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A study that compared costs of treatment for metastatic colorectal cancer in Western Washington and the province of British Columbia in Canada found that prices were more than twice as high for the United States patients than for their Canadian counterparts, with no significant difference in outcomes.
A study that compared costs of treatment for metastatic colorectal cancer in Western Washington (WW) and the province of British Columbia (BC) in Canada found that prices were more than twice as high for the United States patients than for their Canadian counterparts, with no significant difference in outcomes, investigators reported at the 2018 ASCO Annual Meeting.
Mean per-patient costs for all chemotherapy treatments were $12,345 per month in WW and $6195 per month in BC. Median overall survival (OS) times for those on systemic therapy were 21.4 months in WW (95% CI, 18.0-26.2) versus 22.1 months in BC (95% CI, 20.5-23.7). Mean OS for all patients was 17.4 months (95% CI, 13.2-20.5) versus 16.9 months (95% CI, 15.7-18.2), respectively.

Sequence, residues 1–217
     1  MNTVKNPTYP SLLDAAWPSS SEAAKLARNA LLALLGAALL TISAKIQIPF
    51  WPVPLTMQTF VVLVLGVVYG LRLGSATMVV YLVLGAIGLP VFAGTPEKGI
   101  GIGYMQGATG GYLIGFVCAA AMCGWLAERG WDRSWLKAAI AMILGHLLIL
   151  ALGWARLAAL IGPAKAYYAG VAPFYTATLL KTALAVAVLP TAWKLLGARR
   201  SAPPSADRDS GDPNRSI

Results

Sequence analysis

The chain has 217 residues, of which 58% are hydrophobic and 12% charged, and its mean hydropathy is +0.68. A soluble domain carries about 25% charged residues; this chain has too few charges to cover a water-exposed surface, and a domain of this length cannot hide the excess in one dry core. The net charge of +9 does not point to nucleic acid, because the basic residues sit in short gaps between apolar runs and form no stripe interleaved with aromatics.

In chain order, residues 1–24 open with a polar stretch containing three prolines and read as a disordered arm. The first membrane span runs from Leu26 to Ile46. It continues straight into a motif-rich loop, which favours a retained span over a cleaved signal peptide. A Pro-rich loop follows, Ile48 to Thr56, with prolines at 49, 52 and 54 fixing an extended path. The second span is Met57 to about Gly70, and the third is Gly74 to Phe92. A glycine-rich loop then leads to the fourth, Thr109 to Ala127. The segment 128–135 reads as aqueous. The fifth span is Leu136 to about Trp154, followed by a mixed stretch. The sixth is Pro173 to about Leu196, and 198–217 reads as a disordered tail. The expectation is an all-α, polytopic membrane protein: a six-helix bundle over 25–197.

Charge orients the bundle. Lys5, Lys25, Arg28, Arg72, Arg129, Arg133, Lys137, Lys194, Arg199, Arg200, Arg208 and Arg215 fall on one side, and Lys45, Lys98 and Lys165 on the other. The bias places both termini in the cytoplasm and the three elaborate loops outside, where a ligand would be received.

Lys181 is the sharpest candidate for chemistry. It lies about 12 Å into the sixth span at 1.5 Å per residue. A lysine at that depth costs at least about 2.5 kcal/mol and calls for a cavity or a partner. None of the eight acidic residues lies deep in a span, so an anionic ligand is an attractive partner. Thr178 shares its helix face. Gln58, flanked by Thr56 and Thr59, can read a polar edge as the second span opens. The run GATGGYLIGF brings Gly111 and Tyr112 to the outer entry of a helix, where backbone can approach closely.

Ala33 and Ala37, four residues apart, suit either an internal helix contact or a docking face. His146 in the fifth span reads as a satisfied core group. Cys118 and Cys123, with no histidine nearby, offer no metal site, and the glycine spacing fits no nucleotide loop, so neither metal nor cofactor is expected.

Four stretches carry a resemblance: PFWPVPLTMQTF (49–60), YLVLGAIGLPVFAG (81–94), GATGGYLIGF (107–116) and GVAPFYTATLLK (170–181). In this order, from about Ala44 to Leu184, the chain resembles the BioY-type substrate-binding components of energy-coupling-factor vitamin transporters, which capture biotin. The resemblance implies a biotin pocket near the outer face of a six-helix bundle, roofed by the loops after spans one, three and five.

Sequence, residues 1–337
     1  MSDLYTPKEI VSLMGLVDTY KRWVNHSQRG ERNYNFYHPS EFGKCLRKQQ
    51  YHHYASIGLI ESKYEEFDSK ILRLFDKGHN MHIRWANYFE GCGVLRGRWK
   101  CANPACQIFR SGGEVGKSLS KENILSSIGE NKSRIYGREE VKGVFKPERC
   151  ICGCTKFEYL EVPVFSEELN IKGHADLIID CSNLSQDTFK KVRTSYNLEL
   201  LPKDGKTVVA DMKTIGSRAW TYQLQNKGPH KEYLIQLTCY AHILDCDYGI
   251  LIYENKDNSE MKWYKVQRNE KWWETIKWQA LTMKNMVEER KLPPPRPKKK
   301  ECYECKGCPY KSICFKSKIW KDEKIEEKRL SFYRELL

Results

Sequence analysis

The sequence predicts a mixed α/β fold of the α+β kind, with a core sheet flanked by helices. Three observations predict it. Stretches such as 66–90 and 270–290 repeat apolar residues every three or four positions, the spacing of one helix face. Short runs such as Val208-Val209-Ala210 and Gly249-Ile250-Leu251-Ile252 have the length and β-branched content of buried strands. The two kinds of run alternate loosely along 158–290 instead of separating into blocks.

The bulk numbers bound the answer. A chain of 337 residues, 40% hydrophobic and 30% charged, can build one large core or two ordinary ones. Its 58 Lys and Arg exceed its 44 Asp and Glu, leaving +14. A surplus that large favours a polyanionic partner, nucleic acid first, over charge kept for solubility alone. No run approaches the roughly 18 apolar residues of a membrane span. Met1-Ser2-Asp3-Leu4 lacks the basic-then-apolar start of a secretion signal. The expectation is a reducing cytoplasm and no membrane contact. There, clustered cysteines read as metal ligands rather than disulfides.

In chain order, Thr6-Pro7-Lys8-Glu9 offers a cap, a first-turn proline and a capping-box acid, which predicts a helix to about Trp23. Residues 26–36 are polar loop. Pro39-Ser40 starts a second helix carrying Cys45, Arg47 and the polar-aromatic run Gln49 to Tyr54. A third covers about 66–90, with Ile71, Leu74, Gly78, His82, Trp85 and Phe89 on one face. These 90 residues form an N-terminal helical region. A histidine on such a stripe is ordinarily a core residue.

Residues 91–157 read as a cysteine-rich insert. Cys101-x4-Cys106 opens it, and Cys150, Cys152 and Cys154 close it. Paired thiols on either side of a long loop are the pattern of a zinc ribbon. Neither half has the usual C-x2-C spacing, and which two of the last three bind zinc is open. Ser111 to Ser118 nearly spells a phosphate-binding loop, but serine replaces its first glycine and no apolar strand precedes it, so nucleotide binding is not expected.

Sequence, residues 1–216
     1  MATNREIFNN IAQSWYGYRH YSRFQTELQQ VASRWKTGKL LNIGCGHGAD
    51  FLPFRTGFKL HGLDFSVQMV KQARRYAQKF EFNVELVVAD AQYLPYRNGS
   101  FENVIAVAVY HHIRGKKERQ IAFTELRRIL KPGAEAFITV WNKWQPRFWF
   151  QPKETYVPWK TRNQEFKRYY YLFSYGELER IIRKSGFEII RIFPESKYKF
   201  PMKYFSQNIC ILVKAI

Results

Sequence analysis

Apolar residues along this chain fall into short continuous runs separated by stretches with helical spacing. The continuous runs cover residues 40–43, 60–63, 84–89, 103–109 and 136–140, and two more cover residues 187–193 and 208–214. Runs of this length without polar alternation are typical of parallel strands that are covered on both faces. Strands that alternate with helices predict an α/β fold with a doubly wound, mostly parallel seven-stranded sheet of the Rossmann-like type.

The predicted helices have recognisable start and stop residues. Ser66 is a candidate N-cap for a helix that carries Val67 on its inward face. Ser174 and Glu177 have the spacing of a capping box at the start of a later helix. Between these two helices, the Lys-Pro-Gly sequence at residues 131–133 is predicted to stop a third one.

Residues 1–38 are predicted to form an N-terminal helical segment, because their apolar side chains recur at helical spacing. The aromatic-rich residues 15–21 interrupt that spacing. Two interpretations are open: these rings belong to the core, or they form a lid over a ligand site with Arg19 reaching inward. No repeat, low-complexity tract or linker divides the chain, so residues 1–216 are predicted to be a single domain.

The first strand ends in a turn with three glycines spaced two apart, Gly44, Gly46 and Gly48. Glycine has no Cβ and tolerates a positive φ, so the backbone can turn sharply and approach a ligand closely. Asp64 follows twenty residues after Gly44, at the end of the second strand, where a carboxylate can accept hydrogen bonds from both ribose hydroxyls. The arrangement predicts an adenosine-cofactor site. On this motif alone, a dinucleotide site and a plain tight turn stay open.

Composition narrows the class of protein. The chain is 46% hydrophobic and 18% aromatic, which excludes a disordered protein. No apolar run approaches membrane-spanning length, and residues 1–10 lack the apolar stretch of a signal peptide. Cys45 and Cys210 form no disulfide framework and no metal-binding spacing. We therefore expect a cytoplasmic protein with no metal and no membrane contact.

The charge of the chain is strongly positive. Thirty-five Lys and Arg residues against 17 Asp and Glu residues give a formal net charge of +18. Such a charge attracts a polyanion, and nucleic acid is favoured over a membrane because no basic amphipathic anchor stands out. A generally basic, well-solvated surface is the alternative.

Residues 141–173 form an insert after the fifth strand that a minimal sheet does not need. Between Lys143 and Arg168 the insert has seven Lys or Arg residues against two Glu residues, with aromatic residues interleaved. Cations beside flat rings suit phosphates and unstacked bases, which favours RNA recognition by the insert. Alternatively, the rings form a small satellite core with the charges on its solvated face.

The most common initial systemic treatment in BC was irinotecan, 5-fluorouracil, and folinic acid (FOLFIRI) chemotherapy plus bevacizumab (Avastin). In WW, the majority of patients received oxaliplatin, 5-fluorouracil, and folinic acid (FOLFOX) chemotherapy.
Investigators said the findings show that United States oncologic care doesn’t have to be as costly as it is. “Both systems work,” Hagen F. Kennecke, MD, MHA, one of the study authors, said in a press release.
“Patients are getting treated and surviving much longer than they used to. The US system is more expensive and treats more patients. One system is more cost-effective than the other. We can learn from each other.” Kennecke is the medical director at Virginia Mason’s Cancer Institute in Seattle, Washington.
Read more on the story atOncLive.com.